Besides colorful characters, the Camino is riddled with ancient, beautiful churches — so many that it is impossible to visit even a fraction of them in the one- to two-month time slot that most visitors have allotted themselves. One of the more outstanding edifices is the 13th-century Cathedral of Leon, renowned for its Gothic architecture and stained glass windows. Magnificent in the sunlight, it is even more overwhelming illuminated at night. Cathedrals like this took the lifetimes of legions of dedicated craftsmen to build, and this one required a significant shoring-up in the 19th century to prevent its collapse.
. Many of the old churches — particularly in the mostly-flat Mezeta region — also serve another important function: Their belfries are used as nesting sites by large storks.
Ah, the Mezeta. Many pilgrims skip it because they’ve heard it’s a desert with little shade and not much to look at. But in springtime, the grain fields are splashed with multicolored blankets of wildflowers and, if that’s not enough reason to visit, the wheat farmers hot-rodding in their John Deeres add to the entertainment. This is also a good place to make up ground after hillier country.
Luizza and I avoided any rainfall for probably 2 1/2 weeks until we reached Astorga. From there on, it rained on and off till near the end of the journey.
During a gloomy, drizzly 13-mile walk to Rabanal, I came upon a man in a Roman soldier costume standing outside a tent and holding a raptor bird. He invited passing pilgrims to take photos with his bird, named Yuly, in exchange for an optional donation to a local children’s hospital. I think everyone who passed by went along with it — just another fun, goofy Camino happening.
After Rabanal, three of the steepest spots on the Camino loomed in the mountains ahead — La Cruz de Ferro at more than 4,900 feet followed by O’Cebreiro (4,300 feet) and then Alto de Poio (also about 4,300 feet).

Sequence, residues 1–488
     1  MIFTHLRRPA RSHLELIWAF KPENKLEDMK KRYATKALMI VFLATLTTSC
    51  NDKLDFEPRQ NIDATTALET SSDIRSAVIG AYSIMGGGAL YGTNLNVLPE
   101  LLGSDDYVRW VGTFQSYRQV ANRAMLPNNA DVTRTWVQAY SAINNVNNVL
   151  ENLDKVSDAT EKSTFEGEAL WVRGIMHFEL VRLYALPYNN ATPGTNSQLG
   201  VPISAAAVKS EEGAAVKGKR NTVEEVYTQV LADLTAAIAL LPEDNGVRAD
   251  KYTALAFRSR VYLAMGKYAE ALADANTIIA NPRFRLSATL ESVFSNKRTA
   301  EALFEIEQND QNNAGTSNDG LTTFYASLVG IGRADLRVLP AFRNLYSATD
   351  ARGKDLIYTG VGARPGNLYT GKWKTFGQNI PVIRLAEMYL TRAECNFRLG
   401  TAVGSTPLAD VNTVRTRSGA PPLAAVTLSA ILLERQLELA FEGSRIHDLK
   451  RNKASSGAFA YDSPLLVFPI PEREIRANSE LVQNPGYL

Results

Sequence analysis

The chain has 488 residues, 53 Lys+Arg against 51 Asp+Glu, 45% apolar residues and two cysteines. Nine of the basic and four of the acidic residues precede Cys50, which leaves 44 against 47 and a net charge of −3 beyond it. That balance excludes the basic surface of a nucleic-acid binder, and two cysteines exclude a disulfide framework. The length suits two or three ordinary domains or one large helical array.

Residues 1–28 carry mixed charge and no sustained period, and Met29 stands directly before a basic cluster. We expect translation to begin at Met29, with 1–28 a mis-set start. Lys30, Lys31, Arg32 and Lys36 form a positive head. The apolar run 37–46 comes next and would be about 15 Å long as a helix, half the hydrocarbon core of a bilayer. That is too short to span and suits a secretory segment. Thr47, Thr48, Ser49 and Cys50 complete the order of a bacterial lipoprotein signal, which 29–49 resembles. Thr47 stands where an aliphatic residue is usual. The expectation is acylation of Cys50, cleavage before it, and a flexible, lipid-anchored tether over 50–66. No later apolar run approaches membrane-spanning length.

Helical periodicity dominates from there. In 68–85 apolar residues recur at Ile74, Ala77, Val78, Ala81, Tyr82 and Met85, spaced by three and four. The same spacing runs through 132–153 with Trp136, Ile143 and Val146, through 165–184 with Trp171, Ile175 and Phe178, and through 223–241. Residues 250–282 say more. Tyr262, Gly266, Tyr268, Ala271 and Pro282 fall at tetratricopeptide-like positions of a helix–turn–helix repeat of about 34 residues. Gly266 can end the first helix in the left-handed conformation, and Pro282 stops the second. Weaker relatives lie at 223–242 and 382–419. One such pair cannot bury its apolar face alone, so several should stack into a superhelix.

Way before Rabanal, during a stopover near Leon, Luizza and I had become friendly with an Australian woman named Geraldine, about 70. Geraldine told us she had long wanted to walk the Camino but put it off for years. Then about 18 months ago, her adult daughter was killed in an accident. A friend approached her at the funeral and handed her a stone, telling her she should make the trip and deliver the stone — a piece of black obsidian — to the Cruz de Ferro. It’s a revered pilgrim monument, a cross topping a very tall pole where thousands of pilgrims leave stones and other personal tokens with their prayers and hopes.
At Cruz de Ferro, in the midst of a windy, swirly snowstorm, we caught up with Geraldine as she took the stone out of her coat pocket. She was nervous and shaking and she dropped it. It broke into four pieces, but she retrieved them all and placed them at the foot of the cross — more prayers to go around.
I needed a short day of walking after mounting O’Cebreiro, the gateway to Galicia — a lush, green agricultural region where the residents raise chickens, cattle, vegetables and some of the most beautiful roses I’ve ever seen. Stopping for the night at a small inn in rural Biduedo, I was sitting at the bar looking out the window at a couple of men driving cattle along the narrow road. The female bartender abruptly left the bar and went outside to assist with the cattle drive, leaving her foreign customers to gape in wonder and admiration.
Arriving the next day in Sarria, both Luizza and I felt a change in the atmosphere on the Camino. This modern town of about 13,000 is 100 kilometers from Santiago — about five days’ hike — and the minimum distance a pilgrim has to walk in order to pick up a Compostela. We noticed a lot more pilgrims staging here and many of them didn’t wear backpacks, opting instead to have delivery services carry their luggage from town to town.
Unlike previous sections of the Camino, we were never really alone on the 14-mile segment from Sarria to Portomarin, crowded with walkers and bicyclists.
For the next two days, it either drizzled or poured. But on the morning of the final 121/2-mile leg from O’Pedrouzo to the finish line, the unfamiliar sun lit the path. After about five hours of walking — the last two with a Swedish guy who had a peculiar talent as a dog and cat whisperer — I arrived in the Promised Land. I thought I’d feel some kind of emotion but mostly it was just the relief you feel after completing a very long-term, somewhat arduous project.
Luizza and I waited in line over an hour at the pilgrim office to obtain our Compostelas. Then we attended evening Mass at the cathedral along with what seemed like thousands of other pilgrims. The highlight of the service was when eight priests used heavy ropes on pulleys to sling a huge silver ball filled with smoking incense called the Botafumeiro across the chapel. Various legends say the custom was born of a need to disguise stinky pilgrim odor or to help prevent the spread of plague and other diseases among the masses.
I considered it a fitting graduation ceremony after the longest walk of my life.